Dog owners willingly shoulder the responsibility of caring for their canines. We all provide food, shelter, walks, training, etc. But the dog home grooming routine varies widely. And should, because the grooming needs of dogs depends on the breed of dog, type of coat, and individual needs of the animal.
Most dogs, depending on their activity level and how much dirt they roll in, only need occasional baths. The timing varies from a couple of weeks for oily-coated dogs, to a couple of months for short-coated dogs.
The exception to the rule is dogs with skin conditions. We’ve dealt with various ones over the years. The most severe was Ceilidh, our tiny, ill-bred Boston Terrier girl whose system seemed to attack her skin and fur. Ceilidh got medicated baths every week, which kept her skin clear and her fur, minimal though it was, at its best.
The positives about having to give a dog a weekly bath are that you become expert at it (Fran is the dog bathing guru of the family), and the dog is so accustomed to it that it’s not a big deal. Since the medicated shampoo had to stay on for a while, we learned that it’s smart to reserve a favorite toy for bath time. If your dog only sees this special toy for her bath, it’s a treat, not a trauma.
All of our dogs through the decades have been flat-faced breeds. Along with that comes a special obligation to keep face-folds clean and dry. We’re not sure if all breeds of dogs require regular face-washing, but it comes with the territory around here.
Only one of our dogs ever figured out how to use a “napkin” after eating. We used to hand a dish towel over the oven handle and this guy would go over and wipe his face after every meal. We wish all of them would, but we do it manually now. Our guys are messy eaters. And at least two of them munch on mud outside, so faces get wiped, if not washed, regularly.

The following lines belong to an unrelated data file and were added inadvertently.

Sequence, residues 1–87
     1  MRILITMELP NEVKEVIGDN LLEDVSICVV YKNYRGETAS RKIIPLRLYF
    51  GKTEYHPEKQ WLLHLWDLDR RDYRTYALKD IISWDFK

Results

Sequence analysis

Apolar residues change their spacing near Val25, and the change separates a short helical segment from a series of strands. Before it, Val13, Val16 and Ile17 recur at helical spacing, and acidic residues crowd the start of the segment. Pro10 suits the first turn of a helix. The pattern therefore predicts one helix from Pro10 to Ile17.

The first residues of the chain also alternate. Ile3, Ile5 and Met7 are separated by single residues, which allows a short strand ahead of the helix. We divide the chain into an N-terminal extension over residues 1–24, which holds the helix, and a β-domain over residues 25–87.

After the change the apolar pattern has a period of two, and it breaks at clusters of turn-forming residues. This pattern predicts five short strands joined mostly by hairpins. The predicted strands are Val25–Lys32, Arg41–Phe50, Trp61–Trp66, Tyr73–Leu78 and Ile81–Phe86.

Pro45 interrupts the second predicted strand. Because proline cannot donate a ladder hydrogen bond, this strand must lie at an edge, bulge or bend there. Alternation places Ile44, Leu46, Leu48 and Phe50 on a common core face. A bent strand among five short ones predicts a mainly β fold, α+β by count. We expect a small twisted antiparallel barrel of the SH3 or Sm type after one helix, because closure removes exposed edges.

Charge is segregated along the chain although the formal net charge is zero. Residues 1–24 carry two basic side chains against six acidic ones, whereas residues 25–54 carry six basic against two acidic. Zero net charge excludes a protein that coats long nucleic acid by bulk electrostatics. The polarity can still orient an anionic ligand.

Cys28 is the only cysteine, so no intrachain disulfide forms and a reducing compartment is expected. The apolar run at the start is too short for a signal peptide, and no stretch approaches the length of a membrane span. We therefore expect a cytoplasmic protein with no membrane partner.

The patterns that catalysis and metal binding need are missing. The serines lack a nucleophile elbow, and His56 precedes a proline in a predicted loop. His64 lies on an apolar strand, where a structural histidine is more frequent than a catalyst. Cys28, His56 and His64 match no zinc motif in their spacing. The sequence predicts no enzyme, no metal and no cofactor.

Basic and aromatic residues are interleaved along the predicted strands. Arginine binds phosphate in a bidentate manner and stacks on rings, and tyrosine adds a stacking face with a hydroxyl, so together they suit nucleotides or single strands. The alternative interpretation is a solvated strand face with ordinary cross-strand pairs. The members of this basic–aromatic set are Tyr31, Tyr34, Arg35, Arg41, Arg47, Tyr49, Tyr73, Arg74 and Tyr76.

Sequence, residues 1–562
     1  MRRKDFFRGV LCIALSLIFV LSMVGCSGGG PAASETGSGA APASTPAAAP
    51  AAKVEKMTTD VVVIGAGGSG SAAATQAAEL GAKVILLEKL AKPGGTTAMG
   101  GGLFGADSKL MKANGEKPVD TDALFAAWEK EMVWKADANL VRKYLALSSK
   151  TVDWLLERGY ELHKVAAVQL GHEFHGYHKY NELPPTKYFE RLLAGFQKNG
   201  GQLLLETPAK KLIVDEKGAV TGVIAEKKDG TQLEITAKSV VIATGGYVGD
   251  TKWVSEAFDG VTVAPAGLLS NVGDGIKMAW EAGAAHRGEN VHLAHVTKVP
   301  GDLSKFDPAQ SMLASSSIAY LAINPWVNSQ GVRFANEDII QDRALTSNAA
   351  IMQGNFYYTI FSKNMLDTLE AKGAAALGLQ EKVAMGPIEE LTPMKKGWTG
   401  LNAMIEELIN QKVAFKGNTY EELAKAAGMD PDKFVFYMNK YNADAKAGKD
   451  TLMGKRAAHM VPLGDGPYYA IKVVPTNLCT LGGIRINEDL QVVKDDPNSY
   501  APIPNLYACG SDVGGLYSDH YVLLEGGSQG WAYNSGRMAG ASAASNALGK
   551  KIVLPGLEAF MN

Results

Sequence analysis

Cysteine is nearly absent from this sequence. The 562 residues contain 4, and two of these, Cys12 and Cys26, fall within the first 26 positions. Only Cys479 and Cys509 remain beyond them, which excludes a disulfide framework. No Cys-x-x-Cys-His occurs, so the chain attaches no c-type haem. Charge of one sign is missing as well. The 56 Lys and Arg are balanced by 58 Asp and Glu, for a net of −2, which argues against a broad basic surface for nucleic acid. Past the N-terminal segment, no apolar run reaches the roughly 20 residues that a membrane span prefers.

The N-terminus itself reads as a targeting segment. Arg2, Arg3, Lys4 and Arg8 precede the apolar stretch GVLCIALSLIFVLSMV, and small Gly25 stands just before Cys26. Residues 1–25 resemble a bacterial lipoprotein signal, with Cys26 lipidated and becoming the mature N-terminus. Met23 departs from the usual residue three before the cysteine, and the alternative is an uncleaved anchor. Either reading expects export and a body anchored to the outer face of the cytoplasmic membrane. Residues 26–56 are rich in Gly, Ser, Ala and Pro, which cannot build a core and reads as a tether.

Along with having flat-faced dogs comes fear of anesthesia. While all of our dogs are good breathers and have no particular issues, having to get them “put under” to get their teeth cleaned is scary.
Veterinary recommendations suggest dogs’ teeth should be brushed as often as people’s. But not even we can keep up a 2X/day schedule. Our dogs get chew toys every day. Regular tooth brushing, with our own formula toothpaste, is once per week. It seems to be working. All of our dogs, from the 3-year-old to the 12-year-old, get good reports at the vet, without ever having a professional cleaning.
Long-coated dogs need daily brushing. And our groomer friends tell us that the biggest problem they see is incomplete brushing. Apparently you have to get all the way down to the dog’s skin to do a good job. If you’re not sure what kind of brush to use for your dog’s particular fur, ask your groomer. They should be happy to recommend the tools that will make their job easier!
For our short-coated dogs (Boston Terriers, French Bulldogs) we use a rubber curry brush, three times a week. And it’s always a surprise to see who’s shedding and how much. You would think that shedding would be seasonal, but it varies widely. One day we get enough fur to joke about making a puppy. The next time there’s barely anything.
Most of the advice we see from professional dog people says dogs need their nails trimmed about every four to six weeks. We wish that were true for our bunch. They seem to grow like weeds, and we wind up doing nail-grinding almost every week. Our criteria is that dog nails shouldn’t curl, and you shouldn’t be able to hear them on hard floors. We know that’s a bit extreme for most people, but it works for us and our dogs.
Golly (Brussels Griffon) got a toenail torn off twice in her life. On a scale of dog emergencies, it’s a minor one. But it was also messy, painful for Golly, and took quite a while to heal.
Dog home grooming
Sunday morning is our regular time for dog home grooming – nails, teeth, face, ears, bathing if needed. Make it a habit to give your dog a once-over, at least once a week.